June 1, 2020
Dear members of the Niagara University community,
Over the past few months, we have seen the best and the worst of our society—selfless acts of compassion and caring in response to the global pandemic are deeply contrasted by cruel violence against the African American community, especially by some of those who are called to serve and protect. Such acts, along with racist rhetoric, cannot stand, and must be condemned with full voice. However, words of condemnation must be accompanied by collective strategy and action to end racial violence and contest racism.
There is never a time for violence in our world, and we must seek peace while we walk with our brothers and sisters who suffer personal and systemic oppression and violence. Yesterday, I celebrated Mass with the Vincentians on Pentecost Sunday, which celebrates the gift of God’s spirit to provide courage, strength, and love. It is that same spirit that we call upon at this time. The Niagara University community must demonstrate actions that enhance diversity, inclusion, and belonging. We must continually engage in purposeful ways to identify and dismantle seen and unseen systemic and institutionalized racism.
When I was inaugurated president of Niagara University in 2014, I chose St. Vincent’s phrase, “action is our task,” to characterize my presidency. In that vein, I have called for the immediate formulation of a task force to identify and create objectives and outcomes for systemic change for our community. Dr. Rolanda L. Ward, associate professor of social work and endowed faculty director of the Rose Bente Lee Ostapenko Center for Race, Equality and Mission, and Kara M. Oliver, assistant director of the Niagara University Opportunity Program, will chair the Identifying and Dismantling Racial Injustice Task Force. I express my deepest appreciation to these individuals and the members of the task force, who have answered the call to serve and build on the foundation of the Niagara University strategic plan, as well as diversity initiatives established by the Diversity Committee and the good work of offices across campus. This work belongs to all of us.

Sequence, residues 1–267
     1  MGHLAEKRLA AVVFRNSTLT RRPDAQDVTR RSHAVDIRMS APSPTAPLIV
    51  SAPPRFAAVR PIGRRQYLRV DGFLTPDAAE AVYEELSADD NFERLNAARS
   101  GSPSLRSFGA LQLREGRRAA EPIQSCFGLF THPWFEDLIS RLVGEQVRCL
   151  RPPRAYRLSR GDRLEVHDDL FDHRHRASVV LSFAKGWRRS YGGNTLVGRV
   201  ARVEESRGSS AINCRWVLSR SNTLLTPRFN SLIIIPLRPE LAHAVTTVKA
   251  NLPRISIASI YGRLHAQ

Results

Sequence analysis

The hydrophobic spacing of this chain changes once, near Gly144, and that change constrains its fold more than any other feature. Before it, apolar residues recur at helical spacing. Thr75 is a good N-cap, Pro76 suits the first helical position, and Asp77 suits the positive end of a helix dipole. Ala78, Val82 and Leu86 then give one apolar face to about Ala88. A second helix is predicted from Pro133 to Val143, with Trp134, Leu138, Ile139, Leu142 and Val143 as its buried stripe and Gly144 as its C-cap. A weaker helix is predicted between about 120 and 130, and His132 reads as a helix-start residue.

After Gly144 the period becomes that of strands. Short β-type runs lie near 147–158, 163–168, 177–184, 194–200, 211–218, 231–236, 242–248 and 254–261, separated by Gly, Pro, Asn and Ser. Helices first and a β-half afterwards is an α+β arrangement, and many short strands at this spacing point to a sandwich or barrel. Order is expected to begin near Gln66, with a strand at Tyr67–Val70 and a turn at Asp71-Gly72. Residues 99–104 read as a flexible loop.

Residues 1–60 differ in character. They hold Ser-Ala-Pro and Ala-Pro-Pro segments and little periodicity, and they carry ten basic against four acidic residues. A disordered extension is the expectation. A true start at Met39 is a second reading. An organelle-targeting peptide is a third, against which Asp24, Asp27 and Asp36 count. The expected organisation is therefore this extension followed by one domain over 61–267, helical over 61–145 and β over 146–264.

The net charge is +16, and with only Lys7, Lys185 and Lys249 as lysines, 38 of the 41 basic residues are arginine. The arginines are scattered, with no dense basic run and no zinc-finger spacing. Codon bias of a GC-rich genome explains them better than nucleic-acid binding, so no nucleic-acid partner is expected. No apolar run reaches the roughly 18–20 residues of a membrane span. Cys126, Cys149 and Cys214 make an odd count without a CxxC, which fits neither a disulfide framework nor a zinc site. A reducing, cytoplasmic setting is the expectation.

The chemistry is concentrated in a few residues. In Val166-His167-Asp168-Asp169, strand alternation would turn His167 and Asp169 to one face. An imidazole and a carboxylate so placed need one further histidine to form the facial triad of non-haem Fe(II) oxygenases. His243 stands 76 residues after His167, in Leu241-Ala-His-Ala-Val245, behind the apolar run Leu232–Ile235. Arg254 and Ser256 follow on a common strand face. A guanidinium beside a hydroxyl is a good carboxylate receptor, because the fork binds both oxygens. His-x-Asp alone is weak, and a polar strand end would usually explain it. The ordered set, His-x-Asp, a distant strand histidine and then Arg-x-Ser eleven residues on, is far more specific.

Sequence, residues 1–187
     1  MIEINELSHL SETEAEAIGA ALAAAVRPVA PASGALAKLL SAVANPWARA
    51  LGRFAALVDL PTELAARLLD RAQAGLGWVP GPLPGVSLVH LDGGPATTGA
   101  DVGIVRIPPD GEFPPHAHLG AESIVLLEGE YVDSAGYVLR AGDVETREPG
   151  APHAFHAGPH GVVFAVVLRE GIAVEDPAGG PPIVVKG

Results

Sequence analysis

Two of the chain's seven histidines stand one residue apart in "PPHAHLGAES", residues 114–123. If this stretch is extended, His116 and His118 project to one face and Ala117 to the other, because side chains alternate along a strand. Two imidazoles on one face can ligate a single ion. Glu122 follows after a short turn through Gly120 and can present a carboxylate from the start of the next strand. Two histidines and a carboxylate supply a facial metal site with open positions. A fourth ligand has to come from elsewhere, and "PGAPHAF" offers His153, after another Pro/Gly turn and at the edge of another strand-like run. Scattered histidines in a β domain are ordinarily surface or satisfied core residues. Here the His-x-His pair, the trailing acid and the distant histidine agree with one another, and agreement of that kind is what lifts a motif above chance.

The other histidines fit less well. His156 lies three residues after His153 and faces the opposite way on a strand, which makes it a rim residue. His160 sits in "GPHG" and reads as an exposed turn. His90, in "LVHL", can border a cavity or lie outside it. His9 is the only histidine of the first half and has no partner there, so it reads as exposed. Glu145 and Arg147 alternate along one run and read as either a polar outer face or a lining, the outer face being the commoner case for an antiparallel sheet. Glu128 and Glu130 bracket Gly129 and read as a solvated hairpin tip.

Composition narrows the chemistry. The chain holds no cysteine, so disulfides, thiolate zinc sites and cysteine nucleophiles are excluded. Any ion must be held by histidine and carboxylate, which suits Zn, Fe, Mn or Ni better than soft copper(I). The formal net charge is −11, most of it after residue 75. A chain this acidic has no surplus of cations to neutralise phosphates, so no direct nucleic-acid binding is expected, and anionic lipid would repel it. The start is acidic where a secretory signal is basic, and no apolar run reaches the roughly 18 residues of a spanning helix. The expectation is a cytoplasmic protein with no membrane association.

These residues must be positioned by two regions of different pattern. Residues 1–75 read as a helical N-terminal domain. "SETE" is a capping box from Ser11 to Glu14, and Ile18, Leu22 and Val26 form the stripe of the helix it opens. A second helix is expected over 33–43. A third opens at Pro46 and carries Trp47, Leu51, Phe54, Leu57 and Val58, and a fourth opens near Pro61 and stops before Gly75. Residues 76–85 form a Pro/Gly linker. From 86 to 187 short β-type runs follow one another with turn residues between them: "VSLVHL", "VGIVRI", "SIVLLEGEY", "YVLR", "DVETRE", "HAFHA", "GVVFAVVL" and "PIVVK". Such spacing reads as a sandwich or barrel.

Know that we have colleagues and students who may feel fearful, anxious, exhausted, depressed, and very much alone. Given our distancing and isolation, we must redouble our efforts to connect with and care for one another. The university continues, despite this distancing, to provide support for faculty, staff, and students.
I ask you to join me in prayer for Ahmaud Arbery, Breonna Taylor, George Floyd, and countless others who have lost their lives. Pray for the courage to seek a true spirit of repentance for the sin of institutional and systemic racism. May God watch over their families and their communities, and may His healing presence reconcile our country’s history of violence, oppression, and marginalization.
With every good wish,
James J. Maher, C.M.